Belief in the spirit world is central to the Christian faith, but Catholicism takes communion with supernatural realities to a whole new level. Catholics pray not only to God but also to Mary and the saints. Catholics even talk to their dead, say prayers for them, and ask them, in turn, for intercession. The lives of the saints are filled with stories about miraculous healings, levitation, bilocation, visions of the afterlife, and mystical conversations with Jesus, the angels, and the saints.
But does this mean that Catholics believe in ghosts? Does the Catholic Church have a teaching on whether or not the dead can walk this earth, appear to people, and haunt places that were important to them? When Catholics pray to saints or talk to their beloved dead, how is this different from trying to make contact with the spirits of those who have departed this life?
The guest on this episode of Glad You Asked will help answer these questions. Matthew J. Cressler is a scholar of religion, race, and culture. He is the author of Authentically Black and Truly Catholic: The Rise of Black Catholicism in the Great Migrations (NYU Press) as well as numerous scholarly articles. Cressler has written for U.S. Catholic and many other publications, including America, The Atlantic, National Catholic Reporter, Religion News Service, The Revealer, and Slate. Together with Adelle M. Banks, he co-reported the Religion News Service series “Beyond the Most Segregated Hour,” which won a Wilbur Award from the Religion Communicators Council.
You can read some of Cressler’s writings, and learn more about this topic, in the links below.
- “Paranormal activity: Do Catholics believe in ghosts?” by Tim Townsend.
- “Ghosts of Christians past: The church’s long history of hauntings” by Tim Townsend.
- “You can’t have a Catholic imagination without horror,” by Matthew J. Cressler.
- “Exorcists, Abusers, and When Catholic History is Horror,” by Matthew J. Cressler.
- “How the god you worship influences the ghosts you see,” by Joel Abrams.
The following is a transcript of this episode of Glad You Asked:
Rebecca: Matthew, thank you so much for joining us on the Glad You Asked podcast.
Matthew J. Cressler: Pleasure to be here with both of you.
Emily: So first of all, let’s clarify what we mean when we say ghost. How is a ghost different from other kinds of paranormal phenomena?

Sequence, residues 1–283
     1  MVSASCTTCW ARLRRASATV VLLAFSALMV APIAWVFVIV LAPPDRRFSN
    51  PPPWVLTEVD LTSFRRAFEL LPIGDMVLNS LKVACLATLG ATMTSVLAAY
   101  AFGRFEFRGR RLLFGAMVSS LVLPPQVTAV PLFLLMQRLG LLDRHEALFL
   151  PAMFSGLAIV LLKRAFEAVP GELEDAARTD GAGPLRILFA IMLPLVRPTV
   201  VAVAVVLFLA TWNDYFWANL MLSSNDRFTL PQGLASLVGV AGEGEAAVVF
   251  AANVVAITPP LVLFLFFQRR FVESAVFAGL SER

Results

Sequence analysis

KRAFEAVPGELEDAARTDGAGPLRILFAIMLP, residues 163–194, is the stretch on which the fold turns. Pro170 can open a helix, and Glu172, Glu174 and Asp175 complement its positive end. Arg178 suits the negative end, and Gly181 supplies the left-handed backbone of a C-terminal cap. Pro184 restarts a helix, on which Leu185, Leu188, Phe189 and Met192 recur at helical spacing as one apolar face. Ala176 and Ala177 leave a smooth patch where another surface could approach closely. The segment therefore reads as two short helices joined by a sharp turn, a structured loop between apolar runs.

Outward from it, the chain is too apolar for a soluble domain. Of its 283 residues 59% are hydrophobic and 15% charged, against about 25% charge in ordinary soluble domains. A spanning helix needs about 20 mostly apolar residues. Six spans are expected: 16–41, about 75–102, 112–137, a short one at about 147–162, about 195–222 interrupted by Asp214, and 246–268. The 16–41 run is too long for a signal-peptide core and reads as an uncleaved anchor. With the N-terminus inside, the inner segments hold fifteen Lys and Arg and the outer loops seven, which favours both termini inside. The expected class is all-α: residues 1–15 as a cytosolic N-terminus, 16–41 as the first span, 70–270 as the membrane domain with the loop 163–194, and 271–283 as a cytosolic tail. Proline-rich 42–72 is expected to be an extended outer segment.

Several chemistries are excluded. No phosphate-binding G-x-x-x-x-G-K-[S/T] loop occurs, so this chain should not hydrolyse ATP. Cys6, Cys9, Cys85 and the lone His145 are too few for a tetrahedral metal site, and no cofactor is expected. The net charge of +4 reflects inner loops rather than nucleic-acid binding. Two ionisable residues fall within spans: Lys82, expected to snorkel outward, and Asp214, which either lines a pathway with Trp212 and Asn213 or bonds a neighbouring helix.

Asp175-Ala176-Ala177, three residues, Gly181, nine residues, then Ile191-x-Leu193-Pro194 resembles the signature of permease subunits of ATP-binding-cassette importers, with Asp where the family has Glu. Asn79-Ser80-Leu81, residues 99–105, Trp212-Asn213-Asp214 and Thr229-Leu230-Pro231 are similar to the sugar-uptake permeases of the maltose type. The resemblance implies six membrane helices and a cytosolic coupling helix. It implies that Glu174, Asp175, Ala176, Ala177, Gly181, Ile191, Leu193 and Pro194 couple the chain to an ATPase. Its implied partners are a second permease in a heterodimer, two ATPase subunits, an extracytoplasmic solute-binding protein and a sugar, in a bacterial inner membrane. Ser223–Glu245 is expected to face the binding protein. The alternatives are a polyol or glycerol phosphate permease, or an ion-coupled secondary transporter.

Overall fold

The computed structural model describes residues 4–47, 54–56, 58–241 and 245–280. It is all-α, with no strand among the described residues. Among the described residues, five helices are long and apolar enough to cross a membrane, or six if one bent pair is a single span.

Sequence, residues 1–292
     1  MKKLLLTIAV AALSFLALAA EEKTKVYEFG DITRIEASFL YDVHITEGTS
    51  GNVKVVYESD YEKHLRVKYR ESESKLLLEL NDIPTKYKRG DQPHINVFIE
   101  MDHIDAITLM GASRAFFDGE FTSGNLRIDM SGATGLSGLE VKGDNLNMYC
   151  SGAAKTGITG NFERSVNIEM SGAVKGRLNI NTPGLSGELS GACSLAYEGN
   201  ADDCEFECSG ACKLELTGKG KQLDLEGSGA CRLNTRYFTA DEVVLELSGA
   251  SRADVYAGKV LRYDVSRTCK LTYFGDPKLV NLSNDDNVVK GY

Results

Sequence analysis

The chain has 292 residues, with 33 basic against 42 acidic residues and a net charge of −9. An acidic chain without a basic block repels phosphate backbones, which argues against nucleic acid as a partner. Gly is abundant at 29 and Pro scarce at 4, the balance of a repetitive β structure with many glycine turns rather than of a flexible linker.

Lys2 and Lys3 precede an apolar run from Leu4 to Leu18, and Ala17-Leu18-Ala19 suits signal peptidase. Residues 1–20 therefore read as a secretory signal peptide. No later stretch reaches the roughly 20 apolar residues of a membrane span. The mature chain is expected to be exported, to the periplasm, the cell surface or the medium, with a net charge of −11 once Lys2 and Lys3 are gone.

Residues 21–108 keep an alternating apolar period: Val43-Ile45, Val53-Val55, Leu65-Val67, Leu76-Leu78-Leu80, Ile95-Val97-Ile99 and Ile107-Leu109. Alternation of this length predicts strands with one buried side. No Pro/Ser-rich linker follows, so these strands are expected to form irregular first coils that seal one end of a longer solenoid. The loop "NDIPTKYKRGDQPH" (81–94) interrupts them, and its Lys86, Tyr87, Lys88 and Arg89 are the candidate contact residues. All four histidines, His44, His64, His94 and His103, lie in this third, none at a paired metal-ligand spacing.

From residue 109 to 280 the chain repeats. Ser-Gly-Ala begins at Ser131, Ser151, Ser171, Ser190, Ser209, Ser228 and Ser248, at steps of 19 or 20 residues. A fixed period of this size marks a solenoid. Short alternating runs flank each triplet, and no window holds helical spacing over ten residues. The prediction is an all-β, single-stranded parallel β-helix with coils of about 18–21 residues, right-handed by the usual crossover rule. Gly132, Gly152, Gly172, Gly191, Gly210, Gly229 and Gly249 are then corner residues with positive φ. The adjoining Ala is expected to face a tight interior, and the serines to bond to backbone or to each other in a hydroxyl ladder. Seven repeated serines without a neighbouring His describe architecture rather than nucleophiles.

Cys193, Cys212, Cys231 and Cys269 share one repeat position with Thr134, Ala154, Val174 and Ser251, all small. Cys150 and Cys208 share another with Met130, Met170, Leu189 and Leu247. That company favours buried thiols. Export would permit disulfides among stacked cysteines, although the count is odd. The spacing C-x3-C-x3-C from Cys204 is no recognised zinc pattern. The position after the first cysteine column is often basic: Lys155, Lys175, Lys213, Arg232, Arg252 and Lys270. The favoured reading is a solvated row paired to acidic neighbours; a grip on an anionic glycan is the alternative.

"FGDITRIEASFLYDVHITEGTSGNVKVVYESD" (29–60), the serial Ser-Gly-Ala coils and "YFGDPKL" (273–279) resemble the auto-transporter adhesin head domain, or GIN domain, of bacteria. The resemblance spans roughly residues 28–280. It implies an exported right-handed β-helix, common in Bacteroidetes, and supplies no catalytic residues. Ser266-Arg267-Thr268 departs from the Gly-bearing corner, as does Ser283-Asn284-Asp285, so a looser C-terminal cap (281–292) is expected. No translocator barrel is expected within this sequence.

Matthew: Yeah, that’s a great place to start because I think that when we hear the word ghost, we think kind of generally about things going bump in the night, and we think about a whole host of different paranormal activity. But, you know, I think if we’re talking about ghosts, we should think specifically about a bodiless soul of someone, a human being usually, but maybe an animal as well that is deceased. The word ghost kind of comes from the old English word gost and the German word geist, which mean kind of spirit or soul. So when we’re talking about ghosts, that’s what we tend to be talking about, bodiless souls of the recently or not so recently departed.
Rebecca: So what is the official Catholic teaching then on the relationship between the body and the soul? Is there any teaching about whether, say, disembodied spirits can walk the earth in the form of ghosts?
Matthew: Yeah, so church teaching on, you know, I was gonna say on the soul, but it’s really just on what it means to be a human person, is that we are both body and soul and that we are created by, for, and in the image of God. Again, both body and soul. So when we get to the end of our natural life and that body dies, the soul, the church teaches, kind of stays around. It’s eternal, right? So it goes to a place, to heaven or hell, to purgatory, and then is reunited with a resurrected body at the end of time, at the last judgment. So that’s what the church teaches about the body and soul.